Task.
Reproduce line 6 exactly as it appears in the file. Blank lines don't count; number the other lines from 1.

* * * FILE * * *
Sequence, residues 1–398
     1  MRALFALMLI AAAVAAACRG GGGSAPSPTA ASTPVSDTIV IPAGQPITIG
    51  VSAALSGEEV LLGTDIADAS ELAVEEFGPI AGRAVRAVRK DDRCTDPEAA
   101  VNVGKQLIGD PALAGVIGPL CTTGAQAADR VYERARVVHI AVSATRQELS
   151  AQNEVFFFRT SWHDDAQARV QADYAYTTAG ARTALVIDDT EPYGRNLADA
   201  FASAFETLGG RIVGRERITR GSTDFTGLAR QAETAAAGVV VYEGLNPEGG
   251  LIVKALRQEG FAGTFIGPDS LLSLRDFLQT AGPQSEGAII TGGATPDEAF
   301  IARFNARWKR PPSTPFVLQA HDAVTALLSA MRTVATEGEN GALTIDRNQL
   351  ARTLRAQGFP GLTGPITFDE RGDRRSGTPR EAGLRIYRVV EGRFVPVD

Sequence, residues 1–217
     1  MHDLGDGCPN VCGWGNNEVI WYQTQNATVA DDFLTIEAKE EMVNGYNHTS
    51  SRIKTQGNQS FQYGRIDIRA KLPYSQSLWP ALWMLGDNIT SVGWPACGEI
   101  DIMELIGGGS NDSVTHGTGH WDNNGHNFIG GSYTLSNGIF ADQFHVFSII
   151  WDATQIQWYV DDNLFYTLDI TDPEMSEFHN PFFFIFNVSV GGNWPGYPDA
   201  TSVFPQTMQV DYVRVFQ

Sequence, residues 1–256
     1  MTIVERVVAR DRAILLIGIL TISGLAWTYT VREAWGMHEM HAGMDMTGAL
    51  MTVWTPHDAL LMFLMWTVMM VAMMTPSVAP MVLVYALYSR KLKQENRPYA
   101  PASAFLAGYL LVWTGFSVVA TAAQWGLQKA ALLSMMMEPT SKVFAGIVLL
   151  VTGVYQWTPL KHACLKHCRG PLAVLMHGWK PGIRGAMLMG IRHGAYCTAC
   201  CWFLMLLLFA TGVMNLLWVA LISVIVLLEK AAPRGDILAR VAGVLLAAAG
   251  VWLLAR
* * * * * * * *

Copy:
   201  FASAFETLGG RIVGRERITR GSTDFTGLAR QAETAAAGVV VYEGLNPEGG